FDA Receives License to Entelos PhysioLab Modeler® Software
CDER to Use Entelos Software to Explore Mechanisms of Drug-Induced Liver Injury
San Mateo, CA, September 3rd, 2013 – Entelos, a provider of in silico modeling and simulation products and consulting services, today announced a licensing agreement with the US Food and Drug Administration (FDA) for use of the PhysioLab Modeler software in its drug safety research. The license provides FDA with access to a computer model of drug-induced liver injury (DILI) that was developed under a 5 year Research and Collaboration Agreement (CRADA) between Entelos and FDA’s Center for Drug Evaluation and Research (CDER). DILI is a potentially serious adverse event that can result from drug therapy.
The PhysioLab Modeler software is used to author models and edit Entelos PhysioLab® platforms. PhysioLab platforms are depictions of the body’s functional pathways paired with mathematical algorithms. The mathematical representation of normal and diseased biological systems makes it possible to simulate outcomes of specific interventions or treatments over any clinically relevant period of time using computer generated patients.
In contrast to the limitations of simulating a single generic virtual human, the PhysioLab platform can generate any number of virtual patients representing combinations of disease status, genetics, aging, lifestyle, or other factors. It is then possible to run a virtual clinical trial on a diverse patient population. Specialized PhysioLab platforms include Cardiovascular Disease, Metabolism, Rheumatoid Arthritis, Hypertension, Hypersensitivity, Dermis and Epidermis.
“Entelos recognizes the value of the regulatory aspect of pharmaceutical development in protecting the public’s health” said Shawn O’Connor, president and CEO of Entelos. “We believe our mechanistic platforms represent the next generation of tools that the FDA and other international regulators could use to reduce risk and predict success for new compounds undergoing review for safety and efficacy in diverse populations.”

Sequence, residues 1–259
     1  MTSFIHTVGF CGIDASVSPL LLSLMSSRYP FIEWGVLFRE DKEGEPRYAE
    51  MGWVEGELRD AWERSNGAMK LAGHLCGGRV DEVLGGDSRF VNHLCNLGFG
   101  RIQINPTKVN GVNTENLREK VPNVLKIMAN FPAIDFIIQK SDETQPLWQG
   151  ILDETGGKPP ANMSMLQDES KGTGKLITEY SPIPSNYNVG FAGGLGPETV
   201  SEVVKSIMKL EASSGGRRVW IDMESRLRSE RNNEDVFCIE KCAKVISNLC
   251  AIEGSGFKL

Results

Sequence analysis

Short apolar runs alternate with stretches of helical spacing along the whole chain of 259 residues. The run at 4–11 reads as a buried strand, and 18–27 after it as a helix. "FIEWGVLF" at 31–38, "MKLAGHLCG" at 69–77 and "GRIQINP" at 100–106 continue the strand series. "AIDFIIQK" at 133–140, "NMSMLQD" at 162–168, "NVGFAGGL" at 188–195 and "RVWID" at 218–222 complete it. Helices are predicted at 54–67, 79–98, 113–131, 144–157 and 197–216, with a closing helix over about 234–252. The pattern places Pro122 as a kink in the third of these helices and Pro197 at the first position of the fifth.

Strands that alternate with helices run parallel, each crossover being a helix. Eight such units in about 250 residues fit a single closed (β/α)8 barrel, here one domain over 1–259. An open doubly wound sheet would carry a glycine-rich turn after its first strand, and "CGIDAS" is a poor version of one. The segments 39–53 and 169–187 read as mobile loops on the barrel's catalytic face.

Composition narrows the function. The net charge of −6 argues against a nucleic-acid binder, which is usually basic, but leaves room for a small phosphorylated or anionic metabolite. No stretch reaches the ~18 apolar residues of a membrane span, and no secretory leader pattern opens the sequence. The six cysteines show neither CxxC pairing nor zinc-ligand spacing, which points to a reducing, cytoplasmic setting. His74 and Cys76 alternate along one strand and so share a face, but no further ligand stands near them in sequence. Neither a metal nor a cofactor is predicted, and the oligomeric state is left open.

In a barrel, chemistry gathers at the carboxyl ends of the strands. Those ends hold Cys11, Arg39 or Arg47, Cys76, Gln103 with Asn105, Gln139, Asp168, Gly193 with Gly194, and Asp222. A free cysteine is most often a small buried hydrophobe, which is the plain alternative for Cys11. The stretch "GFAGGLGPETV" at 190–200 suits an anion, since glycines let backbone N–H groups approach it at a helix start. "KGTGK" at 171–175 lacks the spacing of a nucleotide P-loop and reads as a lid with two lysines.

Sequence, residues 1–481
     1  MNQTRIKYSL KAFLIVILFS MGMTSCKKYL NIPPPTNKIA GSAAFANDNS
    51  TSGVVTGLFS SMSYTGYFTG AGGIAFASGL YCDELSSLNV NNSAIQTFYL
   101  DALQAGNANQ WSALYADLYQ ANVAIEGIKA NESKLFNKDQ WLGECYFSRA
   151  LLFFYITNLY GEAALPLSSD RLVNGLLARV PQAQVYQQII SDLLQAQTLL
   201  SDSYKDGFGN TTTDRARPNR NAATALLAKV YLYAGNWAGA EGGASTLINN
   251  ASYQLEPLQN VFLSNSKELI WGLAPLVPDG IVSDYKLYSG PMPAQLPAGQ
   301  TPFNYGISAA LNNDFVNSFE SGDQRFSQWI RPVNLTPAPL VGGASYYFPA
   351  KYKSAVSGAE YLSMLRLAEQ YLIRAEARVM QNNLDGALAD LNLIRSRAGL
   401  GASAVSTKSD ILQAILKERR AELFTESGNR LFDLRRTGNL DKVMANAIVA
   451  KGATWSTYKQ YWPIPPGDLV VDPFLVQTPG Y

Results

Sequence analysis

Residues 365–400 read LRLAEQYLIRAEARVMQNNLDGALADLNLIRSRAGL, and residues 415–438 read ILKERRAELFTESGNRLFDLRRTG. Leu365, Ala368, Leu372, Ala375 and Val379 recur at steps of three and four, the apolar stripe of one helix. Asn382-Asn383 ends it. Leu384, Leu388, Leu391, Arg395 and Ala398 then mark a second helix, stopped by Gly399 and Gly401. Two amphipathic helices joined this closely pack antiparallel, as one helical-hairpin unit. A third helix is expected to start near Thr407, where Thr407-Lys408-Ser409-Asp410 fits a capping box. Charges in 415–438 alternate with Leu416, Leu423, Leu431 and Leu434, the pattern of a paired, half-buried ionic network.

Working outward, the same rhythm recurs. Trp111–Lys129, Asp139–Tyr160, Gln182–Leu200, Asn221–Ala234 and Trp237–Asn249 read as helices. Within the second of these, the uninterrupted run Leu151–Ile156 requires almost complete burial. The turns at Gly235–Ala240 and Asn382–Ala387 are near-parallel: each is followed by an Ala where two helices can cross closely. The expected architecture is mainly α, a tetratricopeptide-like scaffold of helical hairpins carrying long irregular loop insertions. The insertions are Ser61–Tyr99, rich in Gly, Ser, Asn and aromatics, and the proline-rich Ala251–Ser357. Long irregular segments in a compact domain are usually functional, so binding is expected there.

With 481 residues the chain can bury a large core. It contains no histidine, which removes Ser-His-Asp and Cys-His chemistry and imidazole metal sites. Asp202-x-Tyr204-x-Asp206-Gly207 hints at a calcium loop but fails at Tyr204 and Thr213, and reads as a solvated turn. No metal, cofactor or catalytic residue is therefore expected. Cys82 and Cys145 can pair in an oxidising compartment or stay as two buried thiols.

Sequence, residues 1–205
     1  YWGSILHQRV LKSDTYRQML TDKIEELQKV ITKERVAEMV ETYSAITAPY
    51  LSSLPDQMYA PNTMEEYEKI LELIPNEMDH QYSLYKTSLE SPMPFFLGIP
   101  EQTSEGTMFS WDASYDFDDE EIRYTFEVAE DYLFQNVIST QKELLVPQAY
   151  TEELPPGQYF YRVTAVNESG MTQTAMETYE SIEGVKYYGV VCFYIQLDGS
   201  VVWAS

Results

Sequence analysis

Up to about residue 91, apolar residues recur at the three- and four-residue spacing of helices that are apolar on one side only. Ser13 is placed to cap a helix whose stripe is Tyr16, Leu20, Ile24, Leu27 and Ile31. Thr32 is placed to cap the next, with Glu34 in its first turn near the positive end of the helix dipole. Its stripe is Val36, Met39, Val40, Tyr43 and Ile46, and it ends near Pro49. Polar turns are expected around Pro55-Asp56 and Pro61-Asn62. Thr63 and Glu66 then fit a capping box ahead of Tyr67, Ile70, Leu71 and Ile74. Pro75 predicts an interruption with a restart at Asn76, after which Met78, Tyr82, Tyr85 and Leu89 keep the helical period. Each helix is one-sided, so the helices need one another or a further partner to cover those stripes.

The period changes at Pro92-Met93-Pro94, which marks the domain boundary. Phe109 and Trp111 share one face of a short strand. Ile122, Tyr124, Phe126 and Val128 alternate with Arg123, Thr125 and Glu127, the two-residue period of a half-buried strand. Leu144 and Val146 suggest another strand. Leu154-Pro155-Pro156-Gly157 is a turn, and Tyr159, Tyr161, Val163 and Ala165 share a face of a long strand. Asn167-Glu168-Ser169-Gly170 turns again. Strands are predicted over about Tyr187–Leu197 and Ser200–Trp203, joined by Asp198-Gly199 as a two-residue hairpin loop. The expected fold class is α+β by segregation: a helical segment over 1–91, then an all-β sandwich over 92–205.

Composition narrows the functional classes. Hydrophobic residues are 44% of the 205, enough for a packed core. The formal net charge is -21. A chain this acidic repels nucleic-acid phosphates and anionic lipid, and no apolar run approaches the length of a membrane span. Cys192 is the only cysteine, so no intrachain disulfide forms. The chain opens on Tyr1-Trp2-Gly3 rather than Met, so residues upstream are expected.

The FDA’s Center for Drug Evaluation and Research (CDER) has expressed a keen interest in exploring the use of computer models as a way to better understand the risks of introducing new compounds into the nation’s arsenal of approved treatments and cures. A recently published CDER Science and Research Needs Report concluded that: “Given the high societal and economic cost of late stage drug failures because of efficacy or safety concerns, it is important to thoroughly assess the added value of predictive modeling to regulatory decision making during drug development.” It is currently standard practice for pharmaceutical companies and the FDA to estimate clinical trial doses using computer models. The use of mechanistic models may make it possible to evaluate why adverse events occur and to determine the potential basis for pharmacodynamic variability in patient response.
Dominic John, +1 925 640 8154